Episode 197: Acute Agitation

We discuss an approach to the acutely agitated patient and review medications commonly used.

Jonathan Kobles, MD
Brian Gilberti, MD

June 3rd, 2024 Download Leave a Comment Tags: , ,

Show Notes


Definition and Scope: Agitation encompasses behaviors from restlessness to severe altered mental states. It’s a common emergency department presentation, often linked with acute medical or psychiatric emergencies.

Significance: Patients with agitation are at high risk for morbidity and mortality, necessitating prompt and effective management to prevent harm to themselves and healthcare providers.

A Changing Paradigm in Describing Agitation

Terminology Shift: Move away from terms like ‘excited delirium’ due to their politicization and stigmatization. Focus on describing agitation by severity and underlying causes.

Agitation as a Multifactorial Process

Complex Nature: Recognize agitation as a result of various factors, including medical, psychiatric, and environmental influences.

Recognizing Agitation

Signs and Symptoms: Identify agitation early by monitoring for behaviors such as hostility, pacing, non-compliance, and verbal aggression.

Initial Evaluation

Severity Assessment: Determine the severity of agitation and prioritize reversible causes and life-threatening conditions.

Diagnostic Steps: Perform vital signs check, blood glucose levels, ECG, and a targeted medical screening exam.

Life Threats

Immediate Concerns: Identify and address immediate life threats such as hypoxia, hypoglycemia, trauma, and acute neurological emergencies.

Forming a Differential Prior to Treatment

Prioritization: Severe agitation requires immediate treatment to facilitate further evaluation and reduce risk of harm.

Physician/Staff Safety

Safety Measures: Ensure personal and team safety by maintaining a calm environment and preparing for potential violence.

Multimodal Approach

Self-check In: Physicians should mentally prepare and approach the situation calmly to ensure effective management.

Verbal De-escalation: Use techniques focused on safety, therapeutic alliance, and patient autonomy to manage agitation non-pharmacologically.

Medication Administration

Oral/Sublingual Medications: Consider oral medications for less severe cases to maintain patient autonomy and avoid invasive procedures.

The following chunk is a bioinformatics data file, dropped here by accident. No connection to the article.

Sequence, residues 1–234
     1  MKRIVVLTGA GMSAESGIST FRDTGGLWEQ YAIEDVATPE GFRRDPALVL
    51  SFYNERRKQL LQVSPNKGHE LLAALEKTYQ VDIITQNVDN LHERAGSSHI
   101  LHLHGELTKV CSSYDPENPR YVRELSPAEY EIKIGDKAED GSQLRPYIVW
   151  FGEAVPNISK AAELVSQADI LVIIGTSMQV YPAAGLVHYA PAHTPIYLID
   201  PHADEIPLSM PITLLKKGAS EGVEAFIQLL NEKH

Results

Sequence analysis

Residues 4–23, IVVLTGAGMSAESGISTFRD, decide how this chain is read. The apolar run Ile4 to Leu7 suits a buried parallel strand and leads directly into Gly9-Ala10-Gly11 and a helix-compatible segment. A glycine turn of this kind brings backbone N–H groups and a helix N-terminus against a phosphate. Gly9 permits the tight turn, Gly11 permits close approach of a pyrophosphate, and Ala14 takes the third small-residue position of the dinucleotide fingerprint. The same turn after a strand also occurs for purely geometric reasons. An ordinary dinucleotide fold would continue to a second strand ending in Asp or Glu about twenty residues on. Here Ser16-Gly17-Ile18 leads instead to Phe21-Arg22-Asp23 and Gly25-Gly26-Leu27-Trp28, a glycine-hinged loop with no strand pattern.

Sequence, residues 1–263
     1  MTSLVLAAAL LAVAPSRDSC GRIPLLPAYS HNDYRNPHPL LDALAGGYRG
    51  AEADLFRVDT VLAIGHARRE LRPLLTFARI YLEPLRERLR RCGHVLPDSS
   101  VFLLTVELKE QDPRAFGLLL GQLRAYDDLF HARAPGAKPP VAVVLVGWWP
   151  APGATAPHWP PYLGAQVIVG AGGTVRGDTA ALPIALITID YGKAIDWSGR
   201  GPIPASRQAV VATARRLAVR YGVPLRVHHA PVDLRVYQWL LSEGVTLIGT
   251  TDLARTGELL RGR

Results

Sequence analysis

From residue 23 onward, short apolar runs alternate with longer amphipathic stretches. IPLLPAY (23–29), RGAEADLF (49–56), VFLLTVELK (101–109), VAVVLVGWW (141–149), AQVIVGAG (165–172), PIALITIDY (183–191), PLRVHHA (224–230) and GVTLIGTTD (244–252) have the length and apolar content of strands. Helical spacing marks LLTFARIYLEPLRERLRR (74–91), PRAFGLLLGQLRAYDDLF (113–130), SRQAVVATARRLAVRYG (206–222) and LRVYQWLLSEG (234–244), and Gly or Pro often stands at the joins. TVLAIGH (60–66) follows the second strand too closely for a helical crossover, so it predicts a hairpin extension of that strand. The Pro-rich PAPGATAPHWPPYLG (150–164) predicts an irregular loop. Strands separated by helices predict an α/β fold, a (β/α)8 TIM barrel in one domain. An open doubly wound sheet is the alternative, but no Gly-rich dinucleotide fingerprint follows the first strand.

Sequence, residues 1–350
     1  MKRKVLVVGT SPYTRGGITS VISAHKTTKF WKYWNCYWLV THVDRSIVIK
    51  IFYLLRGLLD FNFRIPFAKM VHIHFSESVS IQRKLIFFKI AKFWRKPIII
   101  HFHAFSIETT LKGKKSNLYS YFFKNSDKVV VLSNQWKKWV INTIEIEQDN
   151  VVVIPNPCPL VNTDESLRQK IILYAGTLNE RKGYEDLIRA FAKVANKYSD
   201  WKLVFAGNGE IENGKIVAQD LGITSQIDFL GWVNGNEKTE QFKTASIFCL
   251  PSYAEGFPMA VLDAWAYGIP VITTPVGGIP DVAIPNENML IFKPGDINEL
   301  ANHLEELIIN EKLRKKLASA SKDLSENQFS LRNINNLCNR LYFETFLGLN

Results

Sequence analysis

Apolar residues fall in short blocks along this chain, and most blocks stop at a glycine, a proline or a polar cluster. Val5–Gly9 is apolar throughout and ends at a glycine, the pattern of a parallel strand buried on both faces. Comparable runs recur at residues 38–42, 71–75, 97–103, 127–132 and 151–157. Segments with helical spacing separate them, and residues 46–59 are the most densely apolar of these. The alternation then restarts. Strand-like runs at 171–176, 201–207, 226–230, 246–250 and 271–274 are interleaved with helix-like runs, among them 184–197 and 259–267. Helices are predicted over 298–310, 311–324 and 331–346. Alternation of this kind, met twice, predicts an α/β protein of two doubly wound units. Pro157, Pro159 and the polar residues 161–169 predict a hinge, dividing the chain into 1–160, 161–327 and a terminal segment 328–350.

IM or IV Medications: Use intramuscular or intravenous medications for rapid control in severe cases.

Specific Medication Regimens

PO Regimens:

Medications: Antipsychotics like Zyprexa (olanzapine) 5-10 mg, benzodiazepines like Ativan (lorazepam) 1-2 mg.

Benefits: Empower patients with a sense of autonomy, avoid injection-related trauma.


Olanzapine: Onset in 15-45 minutes, peak effect in 1-2 hours, duration 12-24 hours.

Lorazepam: Onset in 30-60 minutes, peak effect in 2 hours, duration 6-8 hours.

IV/IM Regimens:

Medications: Droperidol, haloperidol, midazolam, ketamine.

ACEP 2023 Guidelines: Recommend droperidol with midazolam or an atypical antipsychotic for severe agitation.

Pharmacokinetics (IM):

Haloperidol: IM onset in 15, time to sedation ~25 minutes, can last for 2 hours

Droperidol: IM onset in 5-10 minutes, duration 2-4 hours but can last as long as 12 hours

Midazolam: IM onset ~15 minutes, , duration 20 minutes – 2 hours.

Lorazepam: IM onset ~15-30 minutes, , duration up to 3 hours

Ketamine: IM onset in ~5 minutes, duration 5-30 minutes.

Special Situations

Elderly/Dementia: Optimize environment, use non-pharmacologic measures, avoid benzodiazepines to reduce delirium risk.

Parkinson’s Disease: Avoid antipsychotics that can precipitate a Parkinsonian crisis.

Autism/Pediatrics: Engage caregivers, create a calming environment, avoid aggressive measures.

Alcohol Withdrawal: Utilize benzodiazepines and phenobarbital.

Re-dosing and Physical Restraints

Re-dosing: Use the lowest effective dose, consider continuous monitoring, and reassess frequently.

Physical Restraints: Employ as a last resort, ensuring close monitoring for any adverse effects.

Final Points

Clinical Leadership: Physicians should lead with clear communication, planning, and support for the team.

Continuous Learning: Regular debriefing and assessment after each incident to improve future responses.


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